CSC 236: Introduction to the Theory of Computation

Assignment 2

Question 1. [10 marks]

In the following let A = {a1, …, an} be a set of n items where item ai has value vi and capacity

ci

. Suppose you have a bag with maximum capacity C. We will develop a recurrence relation to

find the maximum value obtained by a subset of A whose capacity does not exceed C. Note: this

is the classic Knapsack Problem. Many solutions on-line use linear programming or dynamic

programming, but this is not what we are asking you to do here; you do not need anything other

than the material you learned in class to answer this question.

Part (1) [2 marks]

Let T(i, c) be the maximum value obtained after considering the first i items with total capacity c.

Come up with an equation for T(0, c) and T(1, c) i.e. what is the maximum value obtained if we

considered none of the items? Only consider the first item?

Part (2) [3 marks]

Suppose we know T(i, c), the maximum value obtained after considering the first i items with total

capacity c. Find an equation for T(i + 1, c) in-terms of the values T(i, 0), T(i, 1), . . . , T(i, c). Use

this equation along with part one to come up with a general recurrence relation for T(k, c). How

would we find the maximum value obtained by a subset of A whose capacity does not exceed C?

Part (3) [5 marks]

Suppose we have two bags with capacities C1 and C2 respectively. Let the total profit be the sum

of the values of all items in both bags. Find the maximum total profit subject to the capacity

constraints as we did for the one bag case above.

Question 2. [11 marks]

In the following, consider an m × n grid as shown in Figure 1. The bottom left point and top right

points are p1,1 and pm,n respectively. All other points are indexed in the standard way.

pm;n

p1;1

m

n

Figure 1: The grid of points we will consider for this problem.

1

CSC 236: Introduction to the Theory of Computation Due: July 4, 2018

Part (1) [6 marks]

Find a recurrence relation for the number of axis aligned rectangles in an m × n grid. See Figure

2 for an example where m = 3 and n = 3. Explain your process.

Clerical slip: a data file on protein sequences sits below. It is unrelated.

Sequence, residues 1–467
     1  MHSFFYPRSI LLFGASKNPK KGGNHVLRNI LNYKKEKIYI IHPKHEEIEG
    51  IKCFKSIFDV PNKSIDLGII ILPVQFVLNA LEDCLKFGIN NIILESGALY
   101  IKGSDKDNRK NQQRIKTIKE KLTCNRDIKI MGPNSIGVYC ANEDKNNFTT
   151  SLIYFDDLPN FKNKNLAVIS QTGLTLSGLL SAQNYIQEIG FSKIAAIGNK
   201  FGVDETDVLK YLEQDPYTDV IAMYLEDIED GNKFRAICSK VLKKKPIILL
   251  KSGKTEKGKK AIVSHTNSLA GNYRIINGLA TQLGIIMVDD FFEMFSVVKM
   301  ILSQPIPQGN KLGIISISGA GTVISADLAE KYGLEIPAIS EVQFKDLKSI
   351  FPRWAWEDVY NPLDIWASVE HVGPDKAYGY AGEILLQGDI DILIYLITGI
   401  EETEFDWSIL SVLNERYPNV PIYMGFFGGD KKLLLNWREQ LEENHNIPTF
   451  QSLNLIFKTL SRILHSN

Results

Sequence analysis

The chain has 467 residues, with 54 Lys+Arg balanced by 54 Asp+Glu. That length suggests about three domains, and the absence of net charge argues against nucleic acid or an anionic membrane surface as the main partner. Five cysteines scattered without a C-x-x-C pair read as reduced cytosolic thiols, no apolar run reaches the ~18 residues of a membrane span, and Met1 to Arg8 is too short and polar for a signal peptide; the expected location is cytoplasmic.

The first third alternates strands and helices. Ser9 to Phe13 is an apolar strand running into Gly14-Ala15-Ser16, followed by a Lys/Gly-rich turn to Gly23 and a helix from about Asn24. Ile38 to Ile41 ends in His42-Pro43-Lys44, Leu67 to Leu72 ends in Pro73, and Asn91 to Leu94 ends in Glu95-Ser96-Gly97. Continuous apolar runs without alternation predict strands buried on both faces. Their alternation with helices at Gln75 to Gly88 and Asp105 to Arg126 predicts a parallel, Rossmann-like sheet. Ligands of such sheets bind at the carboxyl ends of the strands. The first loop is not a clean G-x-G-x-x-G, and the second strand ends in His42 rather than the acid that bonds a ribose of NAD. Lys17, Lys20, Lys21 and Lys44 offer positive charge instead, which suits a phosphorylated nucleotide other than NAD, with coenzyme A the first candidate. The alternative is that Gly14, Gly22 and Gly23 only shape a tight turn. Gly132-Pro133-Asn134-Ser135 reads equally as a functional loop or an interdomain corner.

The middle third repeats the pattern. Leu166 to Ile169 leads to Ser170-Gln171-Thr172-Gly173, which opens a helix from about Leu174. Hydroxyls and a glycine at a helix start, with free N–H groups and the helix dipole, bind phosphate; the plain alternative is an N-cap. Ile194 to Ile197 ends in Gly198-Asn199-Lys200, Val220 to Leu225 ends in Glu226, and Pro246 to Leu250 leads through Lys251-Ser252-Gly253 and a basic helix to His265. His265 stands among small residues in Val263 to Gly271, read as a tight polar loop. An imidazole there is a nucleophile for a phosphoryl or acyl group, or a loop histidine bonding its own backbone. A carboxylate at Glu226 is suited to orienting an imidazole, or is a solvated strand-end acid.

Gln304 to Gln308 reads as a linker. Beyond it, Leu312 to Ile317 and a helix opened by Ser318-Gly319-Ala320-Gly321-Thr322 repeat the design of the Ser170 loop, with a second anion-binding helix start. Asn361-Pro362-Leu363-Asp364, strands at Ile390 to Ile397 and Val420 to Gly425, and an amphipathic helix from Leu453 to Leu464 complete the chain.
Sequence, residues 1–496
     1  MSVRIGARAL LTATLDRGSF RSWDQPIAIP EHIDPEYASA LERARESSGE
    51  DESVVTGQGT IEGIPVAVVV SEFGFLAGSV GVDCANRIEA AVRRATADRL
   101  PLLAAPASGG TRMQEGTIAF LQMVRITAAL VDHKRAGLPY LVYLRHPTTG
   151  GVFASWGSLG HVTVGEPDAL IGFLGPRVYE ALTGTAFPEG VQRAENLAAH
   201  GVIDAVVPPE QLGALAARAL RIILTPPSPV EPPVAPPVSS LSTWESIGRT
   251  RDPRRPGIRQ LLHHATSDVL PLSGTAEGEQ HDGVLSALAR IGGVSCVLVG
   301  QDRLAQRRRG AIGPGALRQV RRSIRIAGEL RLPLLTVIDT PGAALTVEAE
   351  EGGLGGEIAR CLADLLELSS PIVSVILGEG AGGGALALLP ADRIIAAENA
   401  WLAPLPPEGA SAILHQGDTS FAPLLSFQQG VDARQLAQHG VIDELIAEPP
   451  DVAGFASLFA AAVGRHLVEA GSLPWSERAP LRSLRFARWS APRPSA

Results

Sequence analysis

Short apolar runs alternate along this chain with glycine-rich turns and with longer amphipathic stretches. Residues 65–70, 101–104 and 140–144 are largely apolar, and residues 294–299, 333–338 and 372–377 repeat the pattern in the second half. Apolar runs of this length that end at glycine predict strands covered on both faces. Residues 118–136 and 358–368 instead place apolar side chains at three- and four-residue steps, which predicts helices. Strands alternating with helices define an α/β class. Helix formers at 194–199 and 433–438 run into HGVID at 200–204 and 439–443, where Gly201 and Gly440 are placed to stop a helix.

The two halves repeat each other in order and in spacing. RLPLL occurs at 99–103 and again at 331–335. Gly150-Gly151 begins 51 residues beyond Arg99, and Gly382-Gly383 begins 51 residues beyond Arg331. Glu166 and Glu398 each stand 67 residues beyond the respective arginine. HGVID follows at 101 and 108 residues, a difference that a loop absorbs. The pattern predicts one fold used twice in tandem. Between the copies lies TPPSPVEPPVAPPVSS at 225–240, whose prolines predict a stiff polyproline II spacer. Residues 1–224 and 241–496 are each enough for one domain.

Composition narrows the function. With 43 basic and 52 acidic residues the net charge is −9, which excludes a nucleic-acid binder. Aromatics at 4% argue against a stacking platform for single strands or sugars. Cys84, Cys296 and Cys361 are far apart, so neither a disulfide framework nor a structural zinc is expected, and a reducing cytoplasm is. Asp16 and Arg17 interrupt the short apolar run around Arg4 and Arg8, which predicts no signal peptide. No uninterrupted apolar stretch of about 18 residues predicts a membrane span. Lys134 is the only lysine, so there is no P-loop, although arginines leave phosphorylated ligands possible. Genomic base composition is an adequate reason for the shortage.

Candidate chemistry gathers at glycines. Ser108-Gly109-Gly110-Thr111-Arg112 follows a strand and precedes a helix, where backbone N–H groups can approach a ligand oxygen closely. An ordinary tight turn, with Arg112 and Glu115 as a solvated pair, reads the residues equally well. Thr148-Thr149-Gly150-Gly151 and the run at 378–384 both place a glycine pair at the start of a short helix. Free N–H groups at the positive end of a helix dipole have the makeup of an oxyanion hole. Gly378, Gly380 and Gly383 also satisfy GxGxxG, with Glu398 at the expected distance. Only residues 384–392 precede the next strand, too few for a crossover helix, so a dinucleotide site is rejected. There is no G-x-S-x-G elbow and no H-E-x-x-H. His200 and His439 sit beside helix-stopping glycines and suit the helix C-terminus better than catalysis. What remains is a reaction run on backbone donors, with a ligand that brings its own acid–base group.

Figure 2: Example with m = n = 3. There are nine possible axis aligned rectangles possible.

Part (2) [1 mark]

Hypothesize a closed form for your recurrence relation. Hint: check to see if your closed form is

correct in the special case when m = n using the on-line encyclopedia of integer sequences.

Part (3) [4 marks]

Prove your closed form using induction.

Question 3. [10 marks]

An array is said to be rotated by one space if all its elements are moved ahead circularly, that

is every element is moved to the next position and the last element is moved to the first position.

For instance the array [1, 2, 3, 4, 5] rotated by one space gives [5, 1, 2, 3, 4]. Rotating an array by r

spaces simply means rotating it by one space r times. So the array [1, 2, 3, 4, 5] rotated 2 spaces

will give [4, 5, 1, 2, 3] and rotated 5 spaces will give [1, 2, 3, 4, 5] back again.

The input is an array A of n distinct elements which is sorted in ascending order and then rotated

a certain number of spaces. (The number of spaces the array is rotated may be zero as well.)

You have to devise an algorithm minimum, which finds the minimum element of the array.

Part (1) [2 marks]

Devise an O(n) brute-force algorithm for minimum in Python notation. Give an informal explanation of why the time complexity is O(n).

Part (2) [3 marks]

Devise a divide-and-conquer algorithm for minimum which performs better than the brute-force

version. (Be careful of the edge and base cases.)

Part (3) [1 mark]

Give recurrence relation T(n) for the worst-case time complexity for the divide-and-conquer algorithm.

2

CSC 236: Introduction to the Theory of Computation Due: July 4, 2018

Part (4) [4 marks]

Use repeated substitution to get the closed form for T(n). Prove using induction that the closed

form indeed satisfies the recurrence relation.

Question 4. [9 marks]

Apply the Master Theorem to derive an asymptotic upper bound for each of the following recurrences.

Part (1) [3 marks]

T(n) = (

4 n = 1

4 · T(bn/2c) + n

2 + 8n n > 1

Part (2) [3 marks]

T(n) = (

1 n = 1

2 · T(bn/4c) + 1 n > 1

Part (3) [3 marks]

T(n) = (

10 n = 1

9 · T(bn/3c) + n

3

· log n n > 1

3

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# Theory of Computation Assignment 2

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